"I know" is often the response when I ask a deaf person who uses ASL about ASL in a linguistic perspective. Knowing doesn't mean understanding why you know.
“There is a great difference between knowing and understanding: you can know a lot about something and not really understand it” - Charles F. Kettering
How much do you truly understand about your native/natural language? Asking questions rather than taking information at face value brings understanding to something you know. This was why I declined teaching ASL at a local college, because I knew I didn't know enough. Six years ago, the third time they bugged me, I changed my mind and agreed
to start teaching. My understanding of ASL began to blossom through teaching, discussions, and workshops. Although mostly designed for interpreters, these activities surely benefited me.
Just because you know something does not mean that you will understand what you know. The challenge is to expand that knowledge to begin to understand why ASL exists and how it came to be. Perhaps through this process, we can begin to discern the future of ASL.
The process of learning a native language, referred to as the socialization process, begins at birth. During this process,
information is readily available for natural acquisition. While a deaf child in a hearing family may not go through the same process as a hearing child in the same family, both children are already naturally adaptive to acquire information in other manners other than a formal language. When a child reaches the age when they begin going to school, the transition to a formal language is called the academic process of language. I learned from Dr. Eddy Laird the difference between the BICS (natural) and CALP (academic) language acquisition processes. I can ensure you that Dr. Laird's presentation was fascinating.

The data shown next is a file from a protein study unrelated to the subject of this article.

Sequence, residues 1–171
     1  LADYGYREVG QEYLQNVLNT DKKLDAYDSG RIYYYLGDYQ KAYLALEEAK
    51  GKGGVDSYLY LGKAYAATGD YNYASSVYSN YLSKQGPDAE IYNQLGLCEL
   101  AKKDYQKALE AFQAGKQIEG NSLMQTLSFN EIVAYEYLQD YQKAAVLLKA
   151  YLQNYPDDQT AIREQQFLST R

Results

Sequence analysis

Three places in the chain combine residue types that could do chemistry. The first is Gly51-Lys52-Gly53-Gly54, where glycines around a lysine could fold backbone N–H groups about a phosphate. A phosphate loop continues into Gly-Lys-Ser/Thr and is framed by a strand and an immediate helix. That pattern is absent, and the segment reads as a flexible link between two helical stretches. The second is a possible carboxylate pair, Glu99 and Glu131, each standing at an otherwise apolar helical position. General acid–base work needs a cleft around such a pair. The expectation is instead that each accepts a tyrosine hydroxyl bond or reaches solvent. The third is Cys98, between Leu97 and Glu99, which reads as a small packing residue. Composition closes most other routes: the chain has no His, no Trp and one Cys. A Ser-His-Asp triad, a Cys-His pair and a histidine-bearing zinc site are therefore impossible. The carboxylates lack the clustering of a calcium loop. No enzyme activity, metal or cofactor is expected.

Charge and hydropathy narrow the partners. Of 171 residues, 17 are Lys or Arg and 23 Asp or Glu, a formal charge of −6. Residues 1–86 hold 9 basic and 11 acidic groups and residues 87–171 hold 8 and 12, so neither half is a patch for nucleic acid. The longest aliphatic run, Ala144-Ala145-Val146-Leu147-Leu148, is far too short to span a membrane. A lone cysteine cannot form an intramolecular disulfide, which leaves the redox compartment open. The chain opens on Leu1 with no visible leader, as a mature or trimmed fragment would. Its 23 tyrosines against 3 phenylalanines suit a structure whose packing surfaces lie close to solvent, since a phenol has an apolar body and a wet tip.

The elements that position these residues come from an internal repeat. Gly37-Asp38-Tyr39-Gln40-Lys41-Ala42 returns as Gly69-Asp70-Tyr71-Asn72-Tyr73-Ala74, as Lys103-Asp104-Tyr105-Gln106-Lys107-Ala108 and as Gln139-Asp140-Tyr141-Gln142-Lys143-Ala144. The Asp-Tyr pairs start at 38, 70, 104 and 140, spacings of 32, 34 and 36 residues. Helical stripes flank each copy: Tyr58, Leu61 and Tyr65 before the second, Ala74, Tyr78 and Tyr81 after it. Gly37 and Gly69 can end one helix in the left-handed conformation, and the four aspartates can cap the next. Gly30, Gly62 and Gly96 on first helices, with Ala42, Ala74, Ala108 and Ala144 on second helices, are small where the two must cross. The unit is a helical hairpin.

Check out this article if you would like to learn more: http://www.everythingesl.net/inservices/bics_calp.php
While one may know ASL through socialization, one may not know enough to understand why there are linguistic rules when it comes to languages. For those who may not be familiar with ASL, it is a visual-spatial language used by many in the Deaf community to communicate. We do not know exactly how long ASL has been used because it is not easily recorded.
Do you know that ASL has nouns and verbs? What about the articles "the", "and", "was", "were", etc? The signs that exist are a part of the English-based sign method. ASL does not utilize them as conveniently as Spoken English.
Just basic knowledge is not enough if one wants to build language self-esteem and be able to discuss or create stories, jokes, or literature based in ASL.
So don’t just "know" - begin to understand!
Another quote I like while looking for the one above: “Those who know nothing of foreign languages know nothing of their
own.” - Johann Wolfgang Von Goethe
To Be Whole
Currently I am an ASL teacher at a local college and at an high school. I received my Masters in Sign Language Education from Gallaudet University. At home, I am an activist within the community, Northwest Indiana. My son is in first grade and my daughter goes to E.C.L.I.P.S.E. ASL Preschool. Change begins with you and change is effective with a team.